Added: Lenise Scarlett - Date: 22.11.2021 20:52 - Views: 45599 - Clicks: 2844
Single parents have always shouldered extra responsibilities, but the COVID pandemic has exacerbated challenges for this growing segment of the Alberta population. According to census data from Statistics Canada, Alberta is home to more thanlone-parent families. Though some share custody or have the help of a live-in partner, others have navigated the pandemic almost entirely on their own, balancing work, school and child care.
The pandemic has increased the weight of those responsibilities, according to Layna Haley, who runs support groups for single mothers online through the St. Single parents canada Kaleo Collective. Her organization has seen a surge in single mothers seeking supports, she said.
Gonzalez-Hope said she worries most about how social isolation is affecting her son's development. Like many parents, Gonzalez-Hope struggled to juggle working from home in the beginning of the pandemic with her son's school work. Rebecca Firlotte said she moved into another apartment with her infant daughter in March after fleeing a domestic violence situation.
She spent much of the year caring for her daughter, but got a job at a small cafe in September, once her daughter was in daycare. Within just two weeks, she said she was let go because the cafe was not earning enough money during the pandemic. She applied for and received the Canada Emergency Response Benefit CERBbut the payment took about six weeks to arrive and as a result, she was late in paying rent. She and her landlord eventually worked out a payment plan, but Firlotte said a rent deferral program would have made her life a lot easier.
One of Roshni McCartney's biggest challenges has been balancing her children's schoolwork with her own. The full-time Mount Royal University student shares custody of her seven-year-old son and five-year-old daughter. She has also been relying on student loans and bursaries to stay afloat financially.
Both adults decided to move in together to support each other during the pandemic. Each adult has co-parenting arrangements, so their children, who range in ages from six to 13, move between three different households. With the kids in different schools and sports programs, COVID scares have been common, but luckily, no one in the family has contracted the virus.
Roberts said communicating about everything — from new restrictions to Christmas holiday plans — has been crucial. Erin Rayner is one of a growing of women who are single mothers by choice. She has a lot on her plate, and not just because she cares for her two-year-old son solo. She has a full-time job for a construction Single parents canada and owns a small marketing and event-planning firm.
Rayner, who has asthma, made contingency plans for her son in case she was hospitalized due to COVID Though she and her son did end up getting the virus earlier this month, she was Single parents canada to care for him at home. She said the pandemic has been hard in ways she could have never imagined, but she is grateful for her son's company, her financial security and the many people who were quick to offer help.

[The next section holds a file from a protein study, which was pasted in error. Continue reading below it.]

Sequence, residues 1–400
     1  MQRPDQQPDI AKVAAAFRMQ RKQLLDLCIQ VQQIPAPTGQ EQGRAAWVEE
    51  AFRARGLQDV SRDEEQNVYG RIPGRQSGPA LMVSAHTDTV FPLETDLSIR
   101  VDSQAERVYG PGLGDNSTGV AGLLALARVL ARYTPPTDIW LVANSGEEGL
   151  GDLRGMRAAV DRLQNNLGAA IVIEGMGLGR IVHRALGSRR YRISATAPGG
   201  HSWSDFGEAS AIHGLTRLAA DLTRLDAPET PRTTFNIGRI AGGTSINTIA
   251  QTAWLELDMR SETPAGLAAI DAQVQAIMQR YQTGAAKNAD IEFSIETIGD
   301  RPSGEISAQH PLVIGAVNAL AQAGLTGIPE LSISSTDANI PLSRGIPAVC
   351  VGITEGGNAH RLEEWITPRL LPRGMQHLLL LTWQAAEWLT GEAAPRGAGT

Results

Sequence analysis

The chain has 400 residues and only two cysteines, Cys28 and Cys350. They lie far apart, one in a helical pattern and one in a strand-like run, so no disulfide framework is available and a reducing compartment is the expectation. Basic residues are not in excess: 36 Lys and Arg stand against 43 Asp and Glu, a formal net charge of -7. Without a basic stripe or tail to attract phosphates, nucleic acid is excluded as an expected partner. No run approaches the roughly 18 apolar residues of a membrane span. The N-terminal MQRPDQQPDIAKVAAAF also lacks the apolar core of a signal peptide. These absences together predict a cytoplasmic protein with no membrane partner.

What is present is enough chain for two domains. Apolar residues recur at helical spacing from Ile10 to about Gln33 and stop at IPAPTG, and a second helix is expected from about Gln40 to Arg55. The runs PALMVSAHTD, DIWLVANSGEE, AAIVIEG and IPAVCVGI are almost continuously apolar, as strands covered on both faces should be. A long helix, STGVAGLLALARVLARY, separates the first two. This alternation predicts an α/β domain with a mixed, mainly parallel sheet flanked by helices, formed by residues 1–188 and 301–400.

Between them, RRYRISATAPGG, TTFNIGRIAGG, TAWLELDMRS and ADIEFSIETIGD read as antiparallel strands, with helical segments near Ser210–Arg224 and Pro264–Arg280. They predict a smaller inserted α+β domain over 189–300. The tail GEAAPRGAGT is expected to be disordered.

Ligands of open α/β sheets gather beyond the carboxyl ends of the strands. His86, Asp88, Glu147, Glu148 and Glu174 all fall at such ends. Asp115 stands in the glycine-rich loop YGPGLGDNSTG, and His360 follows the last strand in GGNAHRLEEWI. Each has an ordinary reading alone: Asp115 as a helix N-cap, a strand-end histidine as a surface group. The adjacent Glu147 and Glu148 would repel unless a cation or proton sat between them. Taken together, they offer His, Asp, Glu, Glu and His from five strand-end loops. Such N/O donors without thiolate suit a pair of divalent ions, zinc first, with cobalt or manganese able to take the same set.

When she was recovering from COVID, people showed up to shovel her walk and drop off food and drinks outside her door. Quarantine life hasn't been so bad for her son, after all, as he has enjoyed extra screen time, candy and silly games with his mom. Robynn Strikwerda has a daughter and son in junior high. Their father lives in another part of the province, so she lives with them full-time. As a program manager for the George Spady Society, she sees first-hand how the pandemic is affecting people in Edmonton's inner city.
Though she always takes precautions and follows protocols, the realities of her job mean she is in contact with people outside her household, increasing the risk of getting the virus.
For her kids, the pandemic has meant embracing independence earlier. While their mom was out working, they took turns using her laptop before receiving school-issued Chromebooks. Single parents are resilient, Strikwerda said, but as a counsellor, she recognizes everyone has bad days and outpourings of emotion.
She has made family check-ins a priority during the pandemic. Unable to work due to PTSD, she receives income support from the provincial government, but stretching the funds to cover groceries and bills is always hard, she said. Recently she decided to pull her kids out of in-classroom learning, to reduce the risk of their getting COVID, but that decision means her kids are no longer getting the social interaction they crave.
She said they miss their friends and cousins. Armstrong said she cannot wait for the current year to end — and Single parents canada new one, with promises of vaccines, to begin. Madeleine Cummings is a digital associate producer who produces stories for CBC Edmonton's website and its afternoon radio show, Radio Active.
Edmonton 'Just him and me against the world': Single parenting during a pandemic Single parents have always shouldered extra responsibilities, but the pandemic has exacerbated challenges for this growing segment of the Alberta population. Social Sharing. Here are their stories. Tania Gonzalez-Hope, Edmonton. Madeleine Cummings Journalist. Related Stories 2 runners raise money for single parents, in epic B.Single parents canada
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